BEREA - The Browns are coming off a 24-10 loss to the Baltimore Ravens and facing a short week leading up to a Thursday road game against the Pittsburgh Steelers.
When Browns coach Pat Shurmur was asked what his message was to the players, he probably should have said, "Assume crash position."
It can't be easy to be positive entering the final four games of the season with a 4-8 record. There are still two games remaining against the Steelers and a rematch with the Ravens on Christmas Eve.
"You just keep pushing. That's the important thing," Shurmur said. "If this was a real easy thing then everybody can do it. You try to find a way to win a game."
A week ago as Shurmur began preparations for the Ravens, he viewed it as a chance to gauge how the Browns stack up against one of the elite teams in the AFC North Division. After being torched for 290 rushing yards, including 204 by Ray Rice, the Browns would seem to be facing a long road to gaining parity with the Ravens and Steelers.
Receiver Josh Cribbs was the lone voice of reason on that topic immediately after the game, saying there is a big gap between the Browns and Ravens. Shurmur is smart enough to avoid going down that road. It would be like former Browns coach Chris Palmer saying he felt like he was on a runaway train during the doldrums of a 3-13 season in 2000, which was his second and final year on the job.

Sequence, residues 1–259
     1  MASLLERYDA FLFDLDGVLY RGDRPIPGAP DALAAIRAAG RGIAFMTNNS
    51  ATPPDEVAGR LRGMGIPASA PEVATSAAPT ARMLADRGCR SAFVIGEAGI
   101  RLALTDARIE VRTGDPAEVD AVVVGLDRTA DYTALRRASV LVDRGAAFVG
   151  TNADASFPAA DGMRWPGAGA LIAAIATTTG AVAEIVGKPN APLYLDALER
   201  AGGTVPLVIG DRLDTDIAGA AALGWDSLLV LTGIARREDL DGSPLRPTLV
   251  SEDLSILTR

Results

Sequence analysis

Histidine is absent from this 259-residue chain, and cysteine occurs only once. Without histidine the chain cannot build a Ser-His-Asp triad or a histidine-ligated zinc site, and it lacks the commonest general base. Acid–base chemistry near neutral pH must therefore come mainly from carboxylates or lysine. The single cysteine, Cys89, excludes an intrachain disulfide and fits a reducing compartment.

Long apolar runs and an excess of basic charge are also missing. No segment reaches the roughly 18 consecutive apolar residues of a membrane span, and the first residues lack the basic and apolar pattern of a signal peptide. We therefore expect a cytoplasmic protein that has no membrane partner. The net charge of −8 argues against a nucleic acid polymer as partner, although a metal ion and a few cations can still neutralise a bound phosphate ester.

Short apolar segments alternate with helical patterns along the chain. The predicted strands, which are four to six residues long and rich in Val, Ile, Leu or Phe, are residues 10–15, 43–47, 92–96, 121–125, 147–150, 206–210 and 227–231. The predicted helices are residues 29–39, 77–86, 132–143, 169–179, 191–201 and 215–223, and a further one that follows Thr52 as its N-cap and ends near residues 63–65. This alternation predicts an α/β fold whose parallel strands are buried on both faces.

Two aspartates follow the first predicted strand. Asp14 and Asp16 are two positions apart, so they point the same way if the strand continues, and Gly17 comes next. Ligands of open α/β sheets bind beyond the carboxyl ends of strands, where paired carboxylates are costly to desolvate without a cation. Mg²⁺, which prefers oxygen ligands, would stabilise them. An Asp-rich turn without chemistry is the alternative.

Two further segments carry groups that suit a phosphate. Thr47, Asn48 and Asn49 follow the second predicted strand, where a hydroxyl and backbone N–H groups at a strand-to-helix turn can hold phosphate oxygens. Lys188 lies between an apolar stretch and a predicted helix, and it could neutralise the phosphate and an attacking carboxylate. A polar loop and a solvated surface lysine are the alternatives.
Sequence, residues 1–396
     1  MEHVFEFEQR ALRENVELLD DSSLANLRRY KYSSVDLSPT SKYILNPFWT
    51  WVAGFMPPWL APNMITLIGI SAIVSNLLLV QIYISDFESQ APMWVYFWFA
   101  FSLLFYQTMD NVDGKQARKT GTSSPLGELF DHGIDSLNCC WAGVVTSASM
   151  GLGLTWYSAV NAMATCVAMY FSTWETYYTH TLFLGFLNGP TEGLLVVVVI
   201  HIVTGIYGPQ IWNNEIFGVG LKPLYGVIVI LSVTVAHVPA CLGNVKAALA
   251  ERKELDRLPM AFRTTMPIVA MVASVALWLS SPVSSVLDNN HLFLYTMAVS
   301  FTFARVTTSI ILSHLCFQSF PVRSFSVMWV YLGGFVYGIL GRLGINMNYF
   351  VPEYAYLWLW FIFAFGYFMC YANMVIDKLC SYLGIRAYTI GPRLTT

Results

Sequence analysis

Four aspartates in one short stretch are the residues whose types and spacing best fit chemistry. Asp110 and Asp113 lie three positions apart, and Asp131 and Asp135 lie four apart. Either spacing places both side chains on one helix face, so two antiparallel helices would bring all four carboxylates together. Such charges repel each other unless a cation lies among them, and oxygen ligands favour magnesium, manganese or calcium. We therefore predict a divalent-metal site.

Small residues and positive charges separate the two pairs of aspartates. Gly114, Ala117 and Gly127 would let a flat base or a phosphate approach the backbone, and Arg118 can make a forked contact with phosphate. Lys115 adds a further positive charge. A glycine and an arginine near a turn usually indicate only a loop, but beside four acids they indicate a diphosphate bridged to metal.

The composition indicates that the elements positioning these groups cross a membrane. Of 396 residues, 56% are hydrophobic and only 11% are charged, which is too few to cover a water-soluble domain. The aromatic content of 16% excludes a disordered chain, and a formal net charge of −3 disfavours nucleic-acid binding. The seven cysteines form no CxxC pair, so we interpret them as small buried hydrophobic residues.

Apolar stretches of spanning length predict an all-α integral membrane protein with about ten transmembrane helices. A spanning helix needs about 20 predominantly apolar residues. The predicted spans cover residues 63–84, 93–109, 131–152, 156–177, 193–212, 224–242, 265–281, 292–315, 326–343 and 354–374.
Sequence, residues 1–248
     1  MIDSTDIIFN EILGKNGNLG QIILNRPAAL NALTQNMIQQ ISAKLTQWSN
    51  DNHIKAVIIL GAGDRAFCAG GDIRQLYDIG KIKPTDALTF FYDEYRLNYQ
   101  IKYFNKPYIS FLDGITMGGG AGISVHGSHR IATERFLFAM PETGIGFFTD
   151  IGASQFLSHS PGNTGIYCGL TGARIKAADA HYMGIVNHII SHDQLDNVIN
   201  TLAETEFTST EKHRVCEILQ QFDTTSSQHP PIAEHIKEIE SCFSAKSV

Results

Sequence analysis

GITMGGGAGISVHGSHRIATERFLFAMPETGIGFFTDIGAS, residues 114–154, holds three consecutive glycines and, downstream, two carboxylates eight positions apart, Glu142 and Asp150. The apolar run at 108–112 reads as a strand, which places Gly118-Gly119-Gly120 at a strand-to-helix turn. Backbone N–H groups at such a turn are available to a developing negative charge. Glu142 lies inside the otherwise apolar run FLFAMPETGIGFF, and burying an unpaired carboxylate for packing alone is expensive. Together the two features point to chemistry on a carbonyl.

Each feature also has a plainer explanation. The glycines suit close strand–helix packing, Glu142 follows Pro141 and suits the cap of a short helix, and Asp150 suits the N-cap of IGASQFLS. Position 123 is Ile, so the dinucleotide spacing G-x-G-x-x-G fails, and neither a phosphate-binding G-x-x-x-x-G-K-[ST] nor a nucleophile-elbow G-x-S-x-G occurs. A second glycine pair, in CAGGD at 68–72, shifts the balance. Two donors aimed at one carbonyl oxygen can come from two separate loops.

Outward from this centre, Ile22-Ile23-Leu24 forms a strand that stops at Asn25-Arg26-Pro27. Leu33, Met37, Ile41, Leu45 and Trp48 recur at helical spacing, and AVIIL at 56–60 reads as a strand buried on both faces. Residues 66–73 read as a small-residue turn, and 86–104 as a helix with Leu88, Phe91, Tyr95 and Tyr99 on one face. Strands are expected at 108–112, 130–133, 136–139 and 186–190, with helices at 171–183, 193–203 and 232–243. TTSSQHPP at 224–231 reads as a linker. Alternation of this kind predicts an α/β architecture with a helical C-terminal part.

On the outside looking in it might appear as if the organization is stuck in an out-of-control revolving door with no signs of being competitive within sight. Shurmur doesn't see it that way.
"We've got progress to make," he said. "You're at this point of the season, and you don't have as many victories as you'd like to have. I don't know if I would use the phrase a long way to go."
What Rice was able today last Sunday puts a spotlight on what has been the biggest problem since the Browns returned to the NFL in 1999. Every offseason attempts are made to bolster the run defense, and every season the defense is among the worst in that area.
The problem is that there are other glaring weaknesses that need to be improved, and there aren't enough possible acquisitions available in one offseason to make everything better. Quarterback Colt McCoy's future will have to be assessed. He keeps talking about seeing signs of improvement, but where were they on Sunday? The receivers don't get open enough, and when they do there are too many dropped passes.
The list can go on and on. Shurmur had to know what he was facing when he took the job last January, but he might not have known how much of a reclamation project he faced.
"You want constant progress, and you want it to show up as victories," Shurmur said. "We didn't play well enough (Sunday) to win."
The Browns didn't have any time to evaluate the Ravens' game Monday as Shurmur and his staff quickly jumped on preparations for the Steelers. The only practice will be today before the Browns fly to Pittsburgh Wednesday.
What awaits in Heinz Field can only be described as a major challenge. The Browns haven't won in Pittsburgh since quarterback Tim Couch led the way to a 33-13 win in 2003.
Shurmur's biggest task will be to keep the players motivated.
"I'm still excited to lead these guys and help them do what it takes to win games," he said. "I'm not discouraged one bit. Disappointed when we lose. When we win, I'm not so much happy for me. I'm happy for the players, the coaches and the fans."
There have been plenty of sad faces around the Browns of late.